SCIENCE: Illuminating seafloor faults and ocean dynamics with dark fiber distributed acoustic sensing

Nathaniel J. Lindsey, T. Craig Dowe, and Jonathan B. Ajo-Franklin


Distributed fiber-optic sensing technology coupled to existing subsea cables (dark fiber) allows observation of ocean and solid earth phenomena. We used an optical fiber from the cable supporting the Monterey Accelerated Research System during a 4-day maintenance period with a distributed acoustic sensing (DAS) instrument operating onshore, creating a ~10,000-component, 20-kilometer-long seismic array. Recordings of a minor earthquake wavefield identified multiple submarine fault zones. Ambient noise was dominated by shoaling ocean surface waves but also contained observations of in situ secondary microseism generation, post–low-tide bores, storm-induced sediment transport, infragravity waves, and breaking internal waves. DAS amplitudes in the microseism band tracked sea-state dynamics during a storm cycle in the northern Pacific. These observations highlight this method’s potential for marine geophysics.

doi: 10.1126/science.aay5881

Nature Geoscience: Seismic velocity reduction and accelerated recovery due to earthquakes on the Longmenshan fault

Shunping Pei, Fenglin Niu, Yehuda Ben-Zion, Quan Sun, Yanbin Liu, Xiaotian Xue, Jinrong Su, and Zhigang Shao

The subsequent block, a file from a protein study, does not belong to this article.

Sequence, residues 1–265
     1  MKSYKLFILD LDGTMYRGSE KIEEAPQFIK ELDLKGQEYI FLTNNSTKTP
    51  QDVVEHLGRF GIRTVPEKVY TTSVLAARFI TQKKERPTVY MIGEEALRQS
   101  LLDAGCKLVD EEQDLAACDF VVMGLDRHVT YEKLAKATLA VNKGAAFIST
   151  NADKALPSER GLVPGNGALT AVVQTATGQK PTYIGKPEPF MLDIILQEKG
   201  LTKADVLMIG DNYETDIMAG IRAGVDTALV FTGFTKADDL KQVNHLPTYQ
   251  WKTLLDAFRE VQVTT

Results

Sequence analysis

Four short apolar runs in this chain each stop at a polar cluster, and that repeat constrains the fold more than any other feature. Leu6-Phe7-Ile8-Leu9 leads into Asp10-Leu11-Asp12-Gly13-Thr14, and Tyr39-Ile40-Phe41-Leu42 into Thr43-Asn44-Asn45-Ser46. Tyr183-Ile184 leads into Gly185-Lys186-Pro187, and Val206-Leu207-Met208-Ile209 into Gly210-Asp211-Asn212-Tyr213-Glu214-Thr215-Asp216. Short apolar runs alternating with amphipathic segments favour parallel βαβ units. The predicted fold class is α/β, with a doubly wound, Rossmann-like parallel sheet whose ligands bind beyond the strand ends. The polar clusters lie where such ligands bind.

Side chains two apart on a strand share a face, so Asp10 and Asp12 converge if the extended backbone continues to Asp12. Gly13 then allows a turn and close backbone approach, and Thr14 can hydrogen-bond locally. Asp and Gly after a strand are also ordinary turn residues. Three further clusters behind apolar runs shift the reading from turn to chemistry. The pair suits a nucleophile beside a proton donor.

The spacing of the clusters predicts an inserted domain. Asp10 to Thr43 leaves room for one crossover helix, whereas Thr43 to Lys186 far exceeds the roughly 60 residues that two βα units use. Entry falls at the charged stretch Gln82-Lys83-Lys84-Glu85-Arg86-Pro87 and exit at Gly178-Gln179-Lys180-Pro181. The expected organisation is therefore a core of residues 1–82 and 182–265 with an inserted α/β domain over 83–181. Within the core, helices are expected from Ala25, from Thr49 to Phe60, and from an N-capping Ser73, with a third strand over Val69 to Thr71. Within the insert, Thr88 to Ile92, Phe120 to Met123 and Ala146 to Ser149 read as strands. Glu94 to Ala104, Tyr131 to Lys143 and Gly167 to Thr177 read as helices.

Nature Geosci. 12 (2019) 387-392.

DOI: 10.1038/s41561-019-0347-1


Various studies report on temporal changes of seismic velocities in the crust and attempt to relate the observations to changes of stress and material properties around faults. Although there are growing numbers of observations on coseismic velocity reductions, generally there is a lack of detailed observations of the healing phases. Here we report on a pronounced coseismic reduction of velocities around two locked sections (asperities) of the Longmenshan fault with a large slip during the 2008 Mw 7.9 Wenchuan earthquake and subsequent healing of the velocities. The healing phase accelerated significantly at the southern asperity right after the nearby 2013 Mw 6.6 Lushan earthquake. The results were obtained by joint inversions of travel time data at four different periods across the Wenchuan and Lushan earthquakes. The rapid acceleration of healing in response to the Lushan earthquake provides unique evidence for the high sensitivity of seismic velocities to stress changes. We suggest that stress redistribution plays an important role in rebuilding fault strength.